August 21, 1929
|Died||January 8, 1964 (age 34) |
Robert Robbins (1929-1964), throughout his brief magic career, went by the stage name of Robert Merlini.
Robbins was adopted as a one-year-old by Herbert Robbins, a barber, and his wife Elizabeth.
He was captivated by magic from the time he was eight years old, when he saw a magician called Carter the Great perform his repertoire of tricks. He got to meet Carter backstage and the magician took a shine to the boy later sending him theatre posters from around the world.
At the age of 14, he was the youngest magician to perform at the Tivoli Theatre in Sydney.
Having trained along the way as an industrial chemist, Robbins joined the army at the age of 18 and was a member of the Australian Occupation Forces in Japan when World War II ended. He was spotted by the English music-hall star Gracie Fields while doing magic tricks for his fellow troops and joined her with entertaining the occupation forces.
On his return to Australia, Merlini travelled around the country in a van, bringing his magic shows to outback towns where entertainment was a rarity.
On stage, Merlini wore the traditional magician's outfit of top hat, cloak, white tie and tails. Later he switched to a simpler outfit of cape and jacket with black trousers. He appeared on cinema newsreels and often travelled by train with his animals, who were regarded as members of the family.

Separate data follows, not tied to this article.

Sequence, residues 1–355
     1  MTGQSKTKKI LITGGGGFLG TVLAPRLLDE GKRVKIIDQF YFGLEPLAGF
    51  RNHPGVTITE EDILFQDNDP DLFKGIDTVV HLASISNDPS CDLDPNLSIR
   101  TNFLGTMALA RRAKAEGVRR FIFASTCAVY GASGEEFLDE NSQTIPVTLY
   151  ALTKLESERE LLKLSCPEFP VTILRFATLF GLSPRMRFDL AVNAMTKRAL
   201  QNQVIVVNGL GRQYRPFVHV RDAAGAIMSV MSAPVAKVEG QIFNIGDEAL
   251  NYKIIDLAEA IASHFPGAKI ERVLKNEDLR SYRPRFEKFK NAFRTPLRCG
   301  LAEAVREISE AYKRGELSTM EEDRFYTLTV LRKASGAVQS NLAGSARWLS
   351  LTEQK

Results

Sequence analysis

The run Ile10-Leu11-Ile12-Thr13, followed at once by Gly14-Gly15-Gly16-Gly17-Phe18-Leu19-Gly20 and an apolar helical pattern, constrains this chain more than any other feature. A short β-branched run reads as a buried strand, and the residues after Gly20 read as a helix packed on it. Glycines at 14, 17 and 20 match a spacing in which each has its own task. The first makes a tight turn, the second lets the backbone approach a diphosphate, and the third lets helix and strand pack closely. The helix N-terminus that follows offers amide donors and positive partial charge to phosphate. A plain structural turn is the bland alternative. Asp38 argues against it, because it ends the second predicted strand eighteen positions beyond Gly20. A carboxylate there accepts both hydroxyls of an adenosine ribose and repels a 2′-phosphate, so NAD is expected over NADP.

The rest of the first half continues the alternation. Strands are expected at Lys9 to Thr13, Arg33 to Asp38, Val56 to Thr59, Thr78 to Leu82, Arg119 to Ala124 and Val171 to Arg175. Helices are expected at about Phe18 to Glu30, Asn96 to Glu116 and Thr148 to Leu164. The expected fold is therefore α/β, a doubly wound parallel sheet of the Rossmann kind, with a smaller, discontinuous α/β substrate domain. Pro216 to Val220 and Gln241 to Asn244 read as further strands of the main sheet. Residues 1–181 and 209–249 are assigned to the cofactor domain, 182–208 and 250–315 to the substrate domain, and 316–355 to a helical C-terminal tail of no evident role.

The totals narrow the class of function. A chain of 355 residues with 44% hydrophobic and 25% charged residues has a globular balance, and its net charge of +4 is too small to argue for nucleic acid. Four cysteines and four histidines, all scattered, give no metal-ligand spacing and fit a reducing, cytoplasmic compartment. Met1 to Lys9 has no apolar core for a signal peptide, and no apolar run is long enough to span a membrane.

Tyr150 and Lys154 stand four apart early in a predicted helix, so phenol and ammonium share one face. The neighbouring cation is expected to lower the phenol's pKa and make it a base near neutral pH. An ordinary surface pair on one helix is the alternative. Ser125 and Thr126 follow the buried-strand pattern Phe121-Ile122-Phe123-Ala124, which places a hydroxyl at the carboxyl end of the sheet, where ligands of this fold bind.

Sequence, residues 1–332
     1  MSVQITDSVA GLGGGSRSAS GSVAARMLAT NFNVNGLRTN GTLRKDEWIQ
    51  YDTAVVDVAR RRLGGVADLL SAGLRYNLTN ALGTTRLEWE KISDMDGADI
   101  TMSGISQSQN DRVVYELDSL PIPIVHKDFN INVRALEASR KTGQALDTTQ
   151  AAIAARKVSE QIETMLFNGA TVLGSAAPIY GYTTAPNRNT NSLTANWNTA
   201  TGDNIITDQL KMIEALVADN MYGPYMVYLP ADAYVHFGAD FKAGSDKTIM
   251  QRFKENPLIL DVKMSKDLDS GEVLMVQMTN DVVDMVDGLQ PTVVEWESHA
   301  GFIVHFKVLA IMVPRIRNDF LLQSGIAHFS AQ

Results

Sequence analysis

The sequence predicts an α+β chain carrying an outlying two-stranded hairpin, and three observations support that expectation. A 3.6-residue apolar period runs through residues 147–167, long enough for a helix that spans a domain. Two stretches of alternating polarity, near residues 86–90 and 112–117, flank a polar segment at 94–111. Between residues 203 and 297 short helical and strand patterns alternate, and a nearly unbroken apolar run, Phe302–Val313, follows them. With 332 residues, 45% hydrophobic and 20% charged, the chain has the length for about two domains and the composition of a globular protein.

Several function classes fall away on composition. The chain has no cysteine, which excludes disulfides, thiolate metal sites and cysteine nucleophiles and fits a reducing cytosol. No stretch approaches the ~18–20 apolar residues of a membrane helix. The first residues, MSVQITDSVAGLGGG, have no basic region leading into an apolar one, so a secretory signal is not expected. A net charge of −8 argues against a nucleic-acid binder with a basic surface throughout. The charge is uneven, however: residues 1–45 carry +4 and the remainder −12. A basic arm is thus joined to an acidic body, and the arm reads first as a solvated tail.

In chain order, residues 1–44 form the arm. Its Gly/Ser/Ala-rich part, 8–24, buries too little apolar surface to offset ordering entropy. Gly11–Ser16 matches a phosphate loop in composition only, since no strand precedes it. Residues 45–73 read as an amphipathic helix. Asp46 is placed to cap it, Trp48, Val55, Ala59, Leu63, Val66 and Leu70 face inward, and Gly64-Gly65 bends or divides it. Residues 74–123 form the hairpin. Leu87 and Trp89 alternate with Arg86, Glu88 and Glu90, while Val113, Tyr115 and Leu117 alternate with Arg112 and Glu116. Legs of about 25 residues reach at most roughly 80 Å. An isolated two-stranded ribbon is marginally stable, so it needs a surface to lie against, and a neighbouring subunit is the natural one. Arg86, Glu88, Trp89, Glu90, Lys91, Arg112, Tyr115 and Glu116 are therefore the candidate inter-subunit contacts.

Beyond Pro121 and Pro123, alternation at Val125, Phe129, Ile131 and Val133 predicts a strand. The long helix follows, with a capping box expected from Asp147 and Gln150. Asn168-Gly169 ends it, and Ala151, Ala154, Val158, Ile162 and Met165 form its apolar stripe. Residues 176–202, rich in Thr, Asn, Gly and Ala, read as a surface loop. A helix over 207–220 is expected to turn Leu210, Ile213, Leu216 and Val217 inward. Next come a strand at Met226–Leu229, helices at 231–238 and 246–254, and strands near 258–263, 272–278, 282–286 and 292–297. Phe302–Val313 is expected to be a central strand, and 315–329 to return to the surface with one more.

Merlini was the first magician to appear on television in Australia, in 1957, when the new medium was in its infancy. He appeared on Cafe Continental, a program of light music screened on ABC TV, Review 61 and Review 62 on the Seven Network and made several appearances with comedy king Graham Kennedy on In Melbourne Tonight. Merlini delighted audiences with his work with animals.
Robbins died of heart disease at the age of 37.
The R. B. Robbins Collection of Stage Magic is now at State Library, New South Wales and contains over 900 books, trade catalogues, pamphlets and serials, dating from 1799 to 1962. A slim volume, Magic and pretended miracles and remarkable natural phenomena, published in 1799 is the oldest item in the collection. The collection also includes news cuttings, notes on magic tricks, performance programs and signed photographs of many of the world's greatest magicians.
His widow, Margaret Robbins Greenland, author of the book Magic, Mayhem, Merlini And Me.